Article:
Floors Six and Seven
Portraiture is one of the oldest and most pervasive artistic genres, as artists have long wanted to capture and memorialize an individual’s likeness. This course will introduce participants to a series of special, tailored techniques for looking at art, in front of works on view in the exhibition Human Interest: Portraits from the Whitney’s Collection. Drawing on the museum’s rich collection of American art since 1900, we will consider artists’ diverse approaches to portraiture and their attendant exploration of the complexity of rendering human character and expression.
The course instructor Michael Lobel is a professor of art history at Hunter College. His writings include three books, numerous exhibition catalog essays, and articles for such publications as Artforum, Art in America, and Art Bulletin. His curatorial projects include the exhibition Fugitive Artist: The Early Work of Richard Prince, 1974–77 for the Neuberger Museum of Art.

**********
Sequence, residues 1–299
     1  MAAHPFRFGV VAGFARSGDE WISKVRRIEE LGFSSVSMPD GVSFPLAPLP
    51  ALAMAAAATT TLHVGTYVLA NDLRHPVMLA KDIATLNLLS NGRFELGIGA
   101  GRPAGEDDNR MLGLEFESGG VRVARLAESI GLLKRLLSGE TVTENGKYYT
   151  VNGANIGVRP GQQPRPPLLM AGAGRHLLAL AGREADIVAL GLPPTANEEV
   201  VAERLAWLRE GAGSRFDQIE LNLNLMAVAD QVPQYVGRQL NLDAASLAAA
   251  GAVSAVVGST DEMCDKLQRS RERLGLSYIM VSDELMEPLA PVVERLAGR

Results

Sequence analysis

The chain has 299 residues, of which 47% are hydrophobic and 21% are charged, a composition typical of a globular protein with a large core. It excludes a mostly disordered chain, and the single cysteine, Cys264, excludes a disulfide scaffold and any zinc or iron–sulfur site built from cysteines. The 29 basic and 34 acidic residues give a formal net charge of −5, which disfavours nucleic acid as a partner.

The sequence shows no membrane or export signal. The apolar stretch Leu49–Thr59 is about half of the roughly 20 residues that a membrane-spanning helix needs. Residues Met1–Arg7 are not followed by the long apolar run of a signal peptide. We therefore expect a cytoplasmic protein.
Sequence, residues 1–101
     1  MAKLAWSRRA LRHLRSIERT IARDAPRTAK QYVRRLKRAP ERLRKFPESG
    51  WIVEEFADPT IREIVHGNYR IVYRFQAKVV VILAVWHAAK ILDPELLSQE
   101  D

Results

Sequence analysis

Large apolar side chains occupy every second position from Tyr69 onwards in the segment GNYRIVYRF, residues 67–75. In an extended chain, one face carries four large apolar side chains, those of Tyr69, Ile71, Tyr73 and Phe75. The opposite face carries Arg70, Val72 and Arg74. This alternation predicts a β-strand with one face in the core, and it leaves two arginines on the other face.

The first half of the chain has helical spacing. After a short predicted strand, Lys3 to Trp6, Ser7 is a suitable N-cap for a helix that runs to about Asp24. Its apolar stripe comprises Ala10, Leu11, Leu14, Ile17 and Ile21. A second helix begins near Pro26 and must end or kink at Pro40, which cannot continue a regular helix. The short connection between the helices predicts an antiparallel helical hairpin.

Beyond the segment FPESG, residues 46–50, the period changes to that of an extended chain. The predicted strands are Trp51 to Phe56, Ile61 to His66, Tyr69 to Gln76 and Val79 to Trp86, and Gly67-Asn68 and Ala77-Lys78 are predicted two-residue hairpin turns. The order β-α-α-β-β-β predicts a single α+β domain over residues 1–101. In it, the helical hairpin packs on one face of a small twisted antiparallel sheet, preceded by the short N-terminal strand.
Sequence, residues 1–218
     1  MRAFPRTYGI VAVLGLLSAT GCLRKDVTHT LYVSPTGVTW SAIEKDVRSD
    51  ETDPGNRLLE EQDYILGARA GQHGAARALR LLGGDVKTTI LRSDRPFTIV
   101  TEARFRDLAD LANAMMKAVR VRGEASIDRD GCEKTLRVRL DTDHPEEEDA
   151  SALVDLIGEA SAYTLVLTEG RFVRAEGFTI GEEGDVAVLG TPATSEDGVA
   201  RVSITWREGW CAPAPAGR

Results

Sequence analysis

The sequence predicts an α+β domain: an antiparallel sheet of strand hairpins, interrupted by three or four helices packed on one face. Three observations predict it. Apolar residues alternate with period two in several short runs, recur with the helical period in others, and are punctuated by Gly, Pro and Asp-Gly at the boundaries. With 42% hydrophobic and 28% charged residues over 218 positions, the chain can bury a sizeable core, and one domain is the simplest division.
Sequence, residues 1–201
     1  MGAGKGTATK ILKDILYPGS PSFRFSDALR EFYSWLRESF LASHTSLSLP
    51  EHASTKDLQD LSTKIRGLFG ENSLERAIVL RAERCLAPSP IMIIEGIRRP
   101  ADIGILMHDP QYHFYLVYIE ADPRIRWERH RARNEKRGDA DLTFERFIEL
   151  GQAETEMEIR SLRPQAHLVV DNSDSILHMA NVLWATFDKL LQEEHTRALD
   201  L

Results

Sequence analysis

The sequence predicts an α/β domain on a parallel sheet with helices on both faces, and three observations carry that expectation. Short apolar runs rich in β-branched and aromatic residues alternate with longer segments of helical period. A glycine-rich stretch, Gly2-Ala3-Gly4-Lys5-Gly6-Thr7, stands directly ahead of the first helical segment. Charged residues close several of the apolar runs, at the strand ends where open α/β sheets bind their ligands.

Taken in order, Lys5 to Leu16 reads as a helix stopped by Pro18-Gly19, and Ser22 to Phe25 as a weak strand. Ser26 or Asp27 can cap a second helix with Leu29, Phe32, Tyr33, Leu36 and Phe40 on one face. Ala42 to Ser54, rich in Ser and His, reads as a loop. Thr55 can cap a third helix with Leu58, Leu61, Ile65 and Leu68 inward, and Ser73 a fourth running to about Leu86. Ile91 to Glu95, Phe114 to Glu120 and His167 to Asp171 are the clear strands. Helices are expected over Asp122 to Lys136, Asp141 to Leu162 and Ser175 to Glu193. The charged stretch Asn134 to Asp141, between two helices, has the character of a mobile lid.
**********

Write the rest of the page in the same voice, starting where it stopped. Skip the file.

The course will take place in the Human Interest galleries when the Museum is closed to the public. Please email firstname.lastname@example.org for inquiries and information about this course.
The Museum building is accessible and has elevator access to all floors. Service animals are welcome. Learn more about access services and amenities.